Knight Foundation asked the students, educators and professionals who beta tested our new digital teaching tool, “Searchlights and Sunglasses,” for their five favorite lessons. The book explores the digital transformation of journalism, and with one click turns into a classroom tool, offering a learning layer with 1,000 lesson plans and resources for educators. We will be posting our beta testers responses over the coming weeks here on Knight Blog.
By Gary Kebbel, journalism professor at the University of Nebraska-Lincoln.
Eric Newton’s new book, “Searchlights and Sunglasses: Field Notes From the Digital Age of Journalism,” tells why individuals and communities should care about the constant change and disruption in the field of journalism. It can improve their lives.
But for that to happen, he knows we need to focus on journalism education.
Newton, the senior adviser to the president of the John S. and James L. Knight Foundation and former vice president of Knight’s journalism and media innovation program, has observed journalism and its effects from a unique perspective. He has given hundreds of millions of dollars to fund journalism ideas and organizations. Over the years, he’s seen what works, and what doesn’t. He’s also seen why what used to work no longer does. RELATED LINKS
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In this book, he’s not just providing more light, he’s also providing guidance and clarity, the sunglasses we need when there’s too much light and not enough filters.
Knight Foundation purposely has been funding risky, untested ideas since 2006, with the start of its Knight News Challenge. Some of those programs are now success stories, and all of them are teaching important lessons for future innovators.
Newton makes the point that educators have a chief role to play because they are training the people who will report the news of our communities. He says reporting the news isn’t enough, however. We knew how to do that pre-Internet. He makes it clear we have to do more in the Internet, digital, mobile age. We have to engage the audience.
How do we know the digital age requires us to teach and act differently? Newton sums it up easily. He says everything we thought we knew about journalism has changed: 1) Who is a reporter when anyone can report and publish? 2) What is the nature of the audience when one-to-many, source-to-audience communication is made obsolete by many-to-many networked communication? 3) What is a story when people are getting their news from Twitter, Facebook and instant messages?
The journalist’s task has become more complicated, but not less important. Newton points out, “Nearly 9 of every 10 newsroom hires graduated from journalism and mass communication programs.”
But, the journalist’s task is accomplished with new tools in the mobile age, and educators and professionals need to face these challenges with new thinking.
Engage the audience. I think Newton’s #1 lesson for journalism and communication innovators is engagement. Don’t just feed the audience and walk away. Stay to play with it, talk to it and learn from it. Engage it.
His other important points for those who want to innovate curricula are:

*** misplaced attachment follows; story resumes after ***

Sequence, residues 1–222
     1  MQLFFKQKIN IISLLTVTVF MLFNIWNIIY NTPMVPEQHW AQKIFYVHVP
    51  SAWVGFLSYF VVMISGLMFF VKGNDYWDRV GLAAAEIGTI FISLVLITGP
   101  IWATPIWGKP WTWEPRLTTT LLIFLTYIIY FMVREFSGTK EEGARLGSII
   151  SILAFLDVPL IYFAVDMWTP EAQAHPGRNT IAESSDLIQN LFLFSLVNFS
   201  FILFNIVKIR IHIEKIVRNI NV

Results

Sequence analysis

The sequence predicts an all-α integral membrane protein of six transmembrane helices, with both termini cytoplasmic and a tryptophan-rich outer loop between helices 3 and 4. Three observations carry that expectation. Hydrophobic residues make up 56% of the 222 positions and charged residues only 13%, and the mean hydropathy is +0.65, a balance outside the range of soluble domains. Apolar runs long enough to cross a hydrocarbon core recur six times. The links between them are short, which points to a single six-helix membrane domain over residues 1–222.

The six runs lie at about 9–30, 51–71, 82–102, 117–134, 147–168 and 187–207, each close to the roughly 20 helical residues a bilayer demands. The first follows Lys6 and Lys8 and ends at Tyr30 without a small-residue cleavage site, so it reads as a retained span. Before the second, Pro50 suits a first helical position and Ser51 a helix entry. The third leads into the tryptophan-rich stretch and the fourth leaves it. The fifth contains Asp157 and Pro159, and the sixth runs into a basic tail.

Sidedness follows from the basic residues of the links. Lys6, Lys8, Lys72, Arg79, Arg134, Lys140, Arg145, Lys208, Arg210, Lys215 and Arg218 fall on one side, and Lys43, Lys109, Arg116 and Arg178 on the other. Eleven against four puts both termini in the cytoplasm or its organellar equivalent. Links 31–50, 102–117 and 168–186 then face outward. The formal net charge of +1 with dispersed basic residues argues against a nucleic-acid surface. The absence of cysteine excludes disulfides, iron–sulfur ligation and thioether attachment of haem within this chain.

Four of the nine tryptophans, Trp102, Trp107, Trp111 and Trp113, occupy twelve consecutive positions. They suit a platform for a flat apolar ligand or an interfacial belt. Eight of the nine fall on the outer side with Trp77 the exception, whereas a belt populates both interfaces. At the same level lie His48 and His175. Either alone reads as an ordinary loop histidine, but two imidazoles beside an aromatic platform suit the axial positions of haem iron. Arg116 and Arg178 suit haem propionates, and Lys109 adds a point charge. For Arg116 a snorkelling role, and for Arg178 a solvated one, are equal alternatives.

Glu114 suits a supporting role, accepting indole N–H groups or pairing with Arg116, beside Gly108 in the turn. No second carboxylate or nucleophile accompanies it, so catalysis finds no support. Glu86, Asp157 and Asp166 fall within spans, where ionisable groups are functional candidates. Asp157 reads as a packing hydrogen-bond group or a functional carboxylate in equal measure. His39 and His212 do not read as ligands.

Redefine journalism. Think of journalism as an “intellectual activity in its own right. … If you teach journalism merely as a skill, it becomes nothing more than a skill. Teach journalism as the most exciting profession of this century, and it becomes that.”
Take risks. “The biggest mistake any of us can make today is to be afraid of mistakes. Media innovation demands risk. Reinventing journalism requires mistakes. We need to try new things and get things wrong, fail quickly but learn quickly, and always explain what we are doing and why.”
Be of the web. “Using digital technology only to deliver the news is a horrible waste, sort of like using a space shuttle to drive to the corner store. We must stop sticking digital on the end of the industrial age mass media assembly line and calling it a day. It’s a totally different, interactive medium. To succeed, journalists can’t just be on the web; we must be of the web.”
Create innovation labs. The key to these labs is partnering with other disciplines on campus and with professionals. Northwestern University’s news innovation lab is one example.
Newton pulls all of these ideas together in his discussion of how journalism schools could use and benefit from a “teaching hospital model,” where “students, professors and professionals work together under one digital roof to inform and engage a community. They experiment with new tools and techniques, informed by research and studied by scholars, in a living laboratory.” An example of this type of education is the News21 project where college students from around America work with Arizona State University professors and with professionals like Len Downie, former executive editor of The Washington Post, to produce high-quality journalism that informs and engages the audience.
All these innovations require the courage and vision of transformational leaders, “not folks who have played the survivor game at their news organizations and just don’t have anywhere else to go.”
“Searchlights and Sunglasses” shines a light on new techniques and ideas for journalists and educators while filtering past behavior that won’t be adaptive in an era of disruption and constant change. I’m tempted to say it’s a great book for intro classes to mass communications, but it’s also a great book for faculty and professionals who know they need to be doing things differently, and don’t quite know how or where to start.
Gary Kebbel is a journalism professor at the University of Nebraska-Lincoln, a News 21 school. Disclaimer: Kebbel worked at Knight Foundation from 2006-2010, and headed the Knight News Challenge.
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